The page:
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  • too big to fail

    No Punishment for Bankruptcy?

    As Congress continues to deal with the “too big to fail” issue, it would do well to recognize that bankruptcy does not automatically equate with criminal behavior. Sunday’s New York Times ran a story detailing how Wall Street regulators have essentially “thrown in the towel” (at least for now) on … More

    Too Big to Fail: Some Questions for the House Financial Services Committee

    Tomorrow, the House Finance Committee, chaired by Representative Jeb Hensarling (R–TX), is holding a hearing on one of the most damaging legacies of the 2008 financial crisis: the “too big to fail” doctrine. Simply put, the doctrine holds that some firms are so essential to the functioning of the U.S. … More

    Too Big to Fail: Brown–Vitter Swings and Misses

    In an unusual left–right pairing, Senators Sherrod Brown (D–OH) and David Vitter (R–LA) last week introduced legislation to increase capital requirements on large banks. Calling it the “Terminating Bailouts for Taxpayer Fairness” or TBTF Act, the legislation is aimed at ending another TBTF: the doctrine of “too big to fail.” … More

    Egypt: Too Big to Fail?

    As President Obama visits Israel, one of the biggest elephants in the room is the ongoing financial crisis just across the desert in Egypt. Since the Arab Spring uprising, Egypt’s economy has deteriorated. The country’s most immediate crisis is a foreign reserve shortage. Stocks of the country’s foreign currency reserves … More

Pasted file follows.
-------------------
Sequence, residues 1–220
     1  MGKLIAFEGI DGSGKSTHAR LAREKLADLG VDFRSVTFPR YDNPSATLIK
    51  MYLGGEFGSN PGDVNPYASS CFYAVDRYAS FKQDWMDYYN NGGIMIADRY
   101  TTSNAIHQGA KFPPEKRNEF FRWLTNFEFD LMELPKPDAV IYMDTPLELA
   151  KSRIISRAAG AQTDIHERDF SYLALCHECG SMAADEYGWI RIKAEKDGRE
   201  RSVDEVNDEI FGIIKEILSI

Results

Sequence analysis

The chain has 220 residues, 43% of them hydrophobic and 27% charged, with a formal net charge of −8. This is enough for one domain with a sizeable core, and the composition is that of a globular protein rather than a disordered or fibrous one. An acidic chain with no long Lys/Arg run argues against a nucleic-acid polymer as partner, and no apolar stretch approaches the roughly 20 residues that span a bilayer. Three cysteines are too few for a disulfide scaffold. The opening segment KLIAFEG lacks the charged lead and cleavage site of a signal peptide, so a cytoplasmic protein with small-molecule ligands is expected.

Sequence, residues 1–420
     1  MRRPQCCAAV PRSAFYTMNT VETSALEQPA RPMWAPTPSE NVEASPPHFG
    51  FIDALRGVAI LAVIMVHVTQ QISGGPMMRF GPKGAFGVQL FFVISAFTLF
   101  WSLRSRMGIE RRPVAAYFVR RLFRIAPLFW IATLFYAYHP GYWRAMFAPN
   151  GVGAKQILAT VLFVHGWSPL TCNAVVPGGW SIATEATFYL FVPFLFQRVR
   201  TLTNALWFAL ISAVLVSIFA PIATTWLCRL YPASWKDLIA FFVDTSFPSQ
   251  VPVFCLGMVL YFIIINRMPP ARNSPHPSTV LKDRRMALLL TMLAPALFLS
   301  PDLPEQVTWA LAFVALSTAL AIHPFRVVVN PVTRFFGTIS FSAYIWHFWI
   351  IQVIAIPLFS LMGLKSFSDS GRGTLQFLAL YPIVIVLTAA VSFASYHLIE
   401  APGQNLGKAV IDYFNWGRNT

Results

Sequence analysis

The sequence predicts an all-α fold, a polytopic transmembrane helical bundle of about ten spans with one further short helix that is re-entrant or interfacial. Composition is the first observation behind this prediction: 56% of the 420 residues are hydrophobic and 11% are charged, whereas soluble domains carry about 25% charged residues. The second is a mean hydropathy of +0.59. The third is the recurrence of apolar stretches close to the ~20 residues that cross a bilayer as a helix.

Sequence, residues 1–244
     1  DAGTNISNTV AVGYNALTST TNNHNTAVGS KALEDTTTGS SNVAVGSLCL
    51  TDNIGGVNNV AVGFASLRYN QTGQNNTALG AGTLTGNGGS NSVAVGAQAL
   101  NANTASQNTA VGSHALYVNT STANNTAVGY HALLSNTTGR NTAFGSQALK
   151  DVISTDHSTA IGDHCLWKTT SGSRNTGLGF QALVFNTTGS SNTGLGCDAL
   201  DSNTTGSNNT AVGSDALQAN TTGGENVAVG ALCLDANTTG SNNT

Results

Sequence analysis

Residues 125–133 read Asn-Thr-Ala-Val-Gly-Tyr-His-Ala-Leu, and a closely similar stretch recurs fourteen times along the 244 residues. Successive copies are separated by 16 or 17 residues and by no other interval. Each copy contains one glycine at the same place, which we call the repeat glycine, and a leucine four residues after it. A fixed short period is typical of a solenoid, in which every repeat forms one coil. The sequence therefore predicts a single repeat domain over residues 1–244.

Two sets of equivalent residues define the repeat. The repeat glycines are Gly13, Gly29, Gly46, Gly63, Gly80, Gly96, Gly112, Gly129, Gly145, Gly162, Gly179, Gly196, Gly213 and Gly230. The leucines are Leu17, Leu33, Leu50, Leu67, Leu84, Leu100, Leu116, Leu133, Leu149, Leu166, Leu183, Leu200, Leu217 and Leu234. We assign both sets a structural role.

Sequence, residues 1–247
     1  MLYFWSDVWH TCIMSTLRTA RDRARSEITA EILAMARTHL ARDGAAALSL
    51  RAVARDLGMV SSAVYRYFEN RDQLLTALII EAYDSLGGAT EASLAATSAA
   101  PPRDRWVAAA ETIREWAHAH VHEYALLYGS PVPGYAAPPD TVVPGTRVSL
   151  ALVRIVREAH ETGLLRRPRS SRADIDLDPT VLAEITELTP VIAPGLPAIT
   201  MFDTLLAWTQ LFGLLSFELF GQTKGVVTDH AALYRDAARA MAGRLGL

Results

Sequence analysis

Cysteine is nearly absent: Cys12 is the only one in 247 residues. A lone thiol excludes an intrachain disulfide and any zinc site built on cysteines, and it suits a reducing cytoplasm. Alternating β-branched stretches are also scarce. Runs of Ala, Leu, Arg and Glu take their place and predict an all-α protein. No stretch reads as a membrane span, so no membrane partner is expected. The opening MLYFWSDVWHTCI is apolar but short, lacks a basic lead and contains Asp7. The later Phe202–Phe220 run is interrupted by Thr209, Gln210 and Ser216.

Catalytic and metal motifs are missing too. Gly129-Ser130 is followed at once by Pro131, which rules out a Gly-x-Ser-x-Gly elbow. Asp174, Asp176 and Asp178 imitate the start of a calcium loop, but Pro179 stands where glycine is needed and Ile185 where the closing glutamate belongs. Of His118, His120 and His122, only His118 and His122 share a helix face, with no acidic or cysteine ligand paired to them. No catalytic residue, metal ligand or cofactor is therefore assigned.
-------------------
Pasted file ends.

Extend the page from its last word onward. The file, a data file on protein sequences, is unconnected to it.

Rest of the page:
First Presidential Debate 2012: Top 10 True/False Quiz

    During last night’s presidential debate, claims were flying fast and furious. Some of these claims were true, others false. Here are the top 10—see which ones you can guess as either true or false. 1.      Governor Mitt Romney’s tax plan would burden the middle class. President Obama: “[I]ndependent studies looking … More

    Bankruptcy: A Better Answer to “Too Big to Fail”

    The financial reform bill that is currently before the House would give regulators virtually unlimited power over “too big to fail” financial institutions. Those are large, complex and usually international entities whose failure could cause such a shock to the interconnected financial system that others would be endangered. Under the … More